The 84-year-old man, identified by officials as Alois Dvorzac, had been wearing handcuffs for about five hours and died while still wearing them, according to the documents from her Majesty’s Inspectorate of Prisons.
The report says the man arrived at Gatwick Airport near London on Jan. 23, 2013. He was refused entry into the country and immediately taken to the Harmondsworth immigration removal centre in west London, where he was held for almost three weeks.
On Jan. 30, 2013, a doctor at the centre diagnosed the man with Alzheimer’s disease and declared him unfit for detention. The doctor’s report stated: "Frail, 84 yrs old, has Alzheimer’s disease … demented. UNFIT for detention or deportation. Requires social care."
A caseworker didn't respond to the doctor’s report until a week later, on Feb. 5, when it was acknowledged that the man was vulnerable and lacked contacts in the country.
The next day, attempts to take the man out of the centre were called off after a doctor declared him unfit to fly, and he was returned to Harmondsworth.
'Required social care'
He was taken to a hospital on Feb. 8 and then again two days later.
“He had been in handcuffs for approximately five hours when he died, still wearing them,” the report said, but did not reveal the cause of death.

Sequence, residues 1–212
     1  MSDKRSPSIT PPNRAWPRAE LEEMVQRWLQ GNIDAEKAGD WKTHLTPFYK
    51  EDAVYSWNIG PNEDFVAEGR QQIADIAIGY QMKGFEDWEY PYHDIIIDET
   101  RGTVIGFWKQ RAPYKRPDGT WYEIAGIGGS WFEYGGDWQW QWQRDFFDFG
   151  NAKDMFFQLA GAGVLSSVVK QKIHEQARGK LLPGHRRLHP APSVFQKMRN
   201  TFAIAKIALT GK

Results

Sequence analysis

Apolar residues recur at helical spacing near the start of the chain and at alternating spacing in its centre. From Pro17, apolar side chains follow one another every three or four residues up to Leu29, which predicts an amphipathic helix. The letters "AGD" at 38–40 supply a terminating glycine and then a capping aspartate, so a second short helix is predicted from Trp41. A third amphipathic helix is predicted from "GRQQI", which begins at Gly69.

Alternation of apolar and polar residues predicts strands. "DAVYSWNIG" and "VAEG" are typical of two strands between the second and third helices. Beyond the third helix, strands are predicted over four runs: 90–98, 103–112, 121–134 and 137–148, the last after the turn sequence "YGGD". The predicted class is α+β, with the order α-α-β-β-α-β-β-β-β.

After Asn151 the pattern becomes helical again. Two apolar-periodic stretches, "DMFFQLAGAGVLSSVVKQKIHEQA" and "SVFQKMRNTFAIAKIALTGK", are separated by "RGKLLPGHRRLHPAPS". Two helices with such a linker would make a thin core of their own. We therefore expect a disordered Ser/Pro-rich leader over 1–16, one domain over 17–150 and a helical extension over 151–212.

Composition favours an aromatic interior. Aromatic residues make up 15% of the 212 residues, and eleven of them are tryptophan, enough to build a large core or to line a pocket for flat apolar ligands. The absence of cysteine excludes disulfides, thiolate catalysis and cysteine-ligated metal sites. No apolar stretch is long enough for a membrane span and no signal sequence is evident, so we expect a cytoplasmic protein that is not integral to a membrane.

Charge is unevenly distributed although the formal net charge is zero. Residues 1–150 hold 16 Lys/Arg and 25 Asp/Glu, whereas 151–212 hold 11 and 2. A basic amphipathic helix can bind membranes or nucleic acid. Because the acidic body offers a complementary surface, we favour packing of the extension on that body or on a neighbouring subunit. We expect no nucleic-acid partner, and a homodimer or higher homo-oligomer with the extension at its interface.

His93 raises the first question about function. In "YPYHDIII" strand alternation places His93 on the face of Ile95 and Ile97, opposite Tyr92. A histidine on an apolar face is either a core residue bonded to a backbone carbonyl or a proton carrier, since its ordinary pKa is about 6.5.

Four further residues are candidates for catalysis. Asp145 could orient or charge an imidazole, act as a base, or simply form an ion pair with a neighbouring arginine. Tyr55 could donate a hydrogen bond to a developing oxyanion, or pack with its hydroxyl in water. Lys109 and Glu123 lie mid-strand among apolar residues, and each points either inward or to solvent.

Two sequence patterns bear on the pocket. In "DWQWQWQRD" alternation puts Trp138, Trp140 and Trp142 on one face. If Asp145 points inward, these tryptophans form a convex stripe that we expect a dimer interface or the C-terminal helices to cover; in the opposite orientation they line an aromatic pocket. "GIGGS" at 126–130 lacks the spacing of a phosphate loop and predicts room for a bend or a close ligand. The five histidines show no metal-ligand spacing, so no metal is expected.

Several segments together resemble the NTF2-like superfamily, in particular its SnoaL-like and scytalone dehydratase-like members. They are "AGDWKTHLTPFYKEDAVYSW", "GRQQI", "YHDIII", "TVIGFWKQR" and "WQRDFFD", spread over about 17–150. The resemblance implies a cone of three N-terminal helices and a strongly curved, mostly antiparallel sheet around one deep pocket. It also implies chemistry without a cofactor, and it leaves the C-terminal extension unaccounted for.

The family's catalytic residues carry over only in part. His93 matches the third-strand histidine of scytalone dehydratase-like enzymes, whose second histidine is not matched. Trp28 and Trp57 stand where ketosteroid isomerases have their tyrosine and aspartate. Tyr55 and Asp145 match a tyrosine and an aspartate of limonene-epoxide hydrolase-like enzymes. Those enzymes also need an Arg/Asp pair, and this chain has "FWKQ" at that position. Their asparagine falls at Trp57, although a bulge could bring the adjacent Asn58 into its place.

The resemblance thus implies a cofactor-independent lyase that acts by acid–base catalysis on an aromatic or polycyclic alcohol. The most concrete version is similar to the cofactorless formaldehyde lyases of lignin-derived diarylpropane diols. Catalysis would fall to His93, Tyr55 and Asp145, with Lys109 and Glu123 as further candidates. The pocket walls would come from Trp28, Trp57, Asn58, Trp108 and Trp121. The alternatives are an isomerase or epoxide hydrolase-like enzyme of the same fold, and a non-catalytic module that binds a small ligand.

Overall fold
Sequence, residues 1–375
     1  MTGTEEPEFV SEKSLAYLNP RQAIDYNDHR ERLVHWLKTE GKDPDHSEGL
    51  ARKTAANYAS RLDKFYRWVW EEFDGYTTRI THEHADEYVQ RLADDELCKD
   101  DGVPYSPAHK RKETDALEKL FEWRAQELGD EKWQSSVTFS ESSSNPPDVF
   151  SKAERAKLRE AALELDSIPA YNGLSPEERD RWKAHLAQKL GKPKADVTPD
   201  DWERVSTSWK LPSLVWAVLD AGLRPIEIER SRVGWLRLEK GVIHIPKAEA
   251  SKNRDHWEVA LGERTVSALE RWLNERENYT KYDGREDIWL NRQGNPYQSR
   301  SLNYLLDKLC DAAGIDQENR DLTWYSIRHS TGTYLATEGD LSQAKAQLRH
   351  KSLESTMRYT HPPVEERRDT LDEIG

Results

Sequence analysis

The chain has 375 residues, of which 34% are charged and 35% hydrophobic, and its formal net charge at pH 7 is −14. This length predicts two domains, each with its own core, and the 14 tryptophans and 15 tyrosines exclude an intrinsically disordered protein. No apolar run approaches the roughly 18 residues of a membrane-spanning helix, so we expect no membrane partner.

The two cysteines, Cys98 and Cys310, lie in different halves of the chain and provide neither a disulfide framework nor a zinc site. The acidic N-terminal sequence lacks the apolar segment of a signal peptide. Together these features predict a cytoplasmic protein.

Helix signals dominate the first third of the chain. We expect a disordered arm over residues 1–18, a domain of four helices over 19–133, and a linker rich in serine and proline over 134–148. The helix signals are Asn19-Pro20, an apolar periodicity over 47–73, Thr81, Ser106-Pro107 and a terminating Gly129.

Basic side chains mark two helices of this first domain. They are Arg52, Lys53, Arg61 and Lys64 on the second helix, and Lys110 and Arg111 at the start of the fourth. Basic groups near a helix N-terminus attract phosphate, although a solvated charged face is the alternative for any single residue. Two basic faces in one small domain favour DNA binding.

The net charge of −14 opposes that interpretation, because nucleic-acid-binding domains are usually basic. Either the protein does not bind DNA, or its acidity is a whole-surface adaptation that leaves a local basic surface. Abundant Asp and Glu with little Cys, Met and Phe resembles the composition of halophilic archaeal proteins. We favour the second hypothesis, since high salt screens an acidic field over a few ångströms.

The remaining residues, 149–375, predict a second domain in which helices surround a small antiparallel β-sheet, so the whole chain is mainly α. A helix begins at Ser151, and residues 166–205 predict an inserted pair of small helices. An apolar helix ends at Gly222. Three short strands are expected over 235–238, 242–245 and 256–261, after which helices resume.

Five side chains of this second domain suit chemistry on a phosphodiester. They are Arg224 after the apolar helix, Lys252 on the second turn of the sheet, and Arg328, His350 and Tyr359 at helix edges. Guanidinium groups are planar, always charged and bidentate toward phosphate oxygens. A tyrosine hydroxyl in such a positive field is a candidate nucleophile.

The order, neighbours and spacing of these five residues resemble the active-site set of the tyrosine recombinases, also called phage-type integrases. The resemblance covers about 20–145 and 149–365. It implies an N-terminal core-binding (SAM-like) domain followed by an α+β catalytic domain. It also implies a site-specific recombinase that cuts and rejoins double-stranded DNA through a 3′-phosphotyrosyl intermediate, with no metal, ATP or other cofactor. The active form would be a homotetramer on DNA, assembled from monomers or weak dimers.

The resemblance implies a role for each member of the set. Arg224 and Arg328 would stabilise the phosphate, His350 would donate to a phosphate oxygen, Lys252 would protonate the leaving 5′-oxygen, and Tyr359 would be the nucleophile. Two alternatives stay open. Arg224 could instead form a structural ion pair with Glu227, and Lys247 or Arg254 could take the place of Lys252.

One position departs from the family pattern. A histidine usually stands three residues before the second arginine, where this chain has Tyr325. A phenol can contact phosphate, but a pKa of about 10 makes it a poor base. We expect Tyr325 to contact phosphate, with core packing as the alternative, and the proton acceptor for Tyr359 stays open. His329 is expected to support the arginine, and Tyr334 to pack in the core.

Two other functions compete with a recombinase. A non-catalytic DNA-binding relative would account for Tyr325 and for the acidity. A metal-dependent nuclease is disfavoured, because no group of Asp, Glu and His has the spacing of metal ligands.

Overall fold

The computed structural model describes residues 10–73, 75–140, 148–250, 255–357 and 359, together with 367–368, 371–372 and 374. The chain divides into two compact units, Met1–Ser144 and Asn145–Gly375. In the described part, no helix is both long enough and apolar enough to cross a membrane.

Harmondsworth, which is run by the U.K. Home Office, is located near London’s Heathrow Airport and accommodates about 600 people. It’s meant to hold detained immigrants until their cases are resolved or until they can be deported.
The inspectorate’s report criticized the centre for the way it deals with detainees who are elderly or have mental health issues.
In the case of the Canadian man, it says “detention seemed to have been used as an inappropriate default for a man who required social care.”
The details of the elderly man’s case came to light after the Inspectorate of Prisons conducted an unannounced inspection of Harmondsworth in August. The new report contains a number of criticisms against the centre, calling it dirty, bleak, overcrowded and "in a state of drift."
Harmondsworth has refused to comment without permission from the U.K.’s Home Office.
The Alzheimer’s Society of Canada said it is “deeply saddened” by the incident.
“This tragic incident demonstrates the need for better understanding of the significant challenges that people with dementia face,” it said in a statement to CBC News. “As the disease progresses, people with dementia typically have difficulty expressing their needs and coping with an unfamiliar environment.”Suggest a correction